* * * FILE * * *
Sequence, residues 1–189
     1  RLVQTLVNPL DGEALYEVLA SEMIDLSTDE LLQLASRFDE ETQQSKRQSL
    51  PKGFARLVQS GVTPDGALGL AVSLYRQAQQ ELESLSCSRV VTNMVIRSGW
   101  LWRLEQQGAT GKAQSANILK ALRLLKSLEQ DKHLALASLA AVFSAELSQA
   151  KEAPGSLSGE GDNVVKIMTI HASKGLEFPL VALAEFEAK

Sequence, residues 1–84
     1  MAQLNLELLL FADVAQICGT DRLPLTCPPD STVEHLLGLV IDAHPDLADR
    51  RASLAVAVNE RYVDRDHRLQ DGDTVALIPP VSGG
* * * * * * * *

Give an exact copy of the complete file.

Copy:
Sequence, residues 1–189
     1  RLVQTLVNPL DGEALYEVLA SEMIDLSTDE LLQLASRFDE ETQQSKRQSL
    51  PKGFARLVQS GVTPDGALGL AVSLYRQAQQ ELESLSCSRV VTNMVIRSGW
   101  LWRLEQQGAT GKAQSANILK ALRLLKSLEQ DKHLALASLA AVFSAELSQA
   151  KEAPGSLSGE GDNVVKIMTI HASKGLEFPL VALAEFEAK

Sequence, residues 1–84
     1  MAQLNLELLL FADVAQICGT DRLPLTCPPD STVEHLLGLV IDAHPDLADR
    51  RASLAVAVNE RYVDRDHRLQ DGDTVALIPP VSGG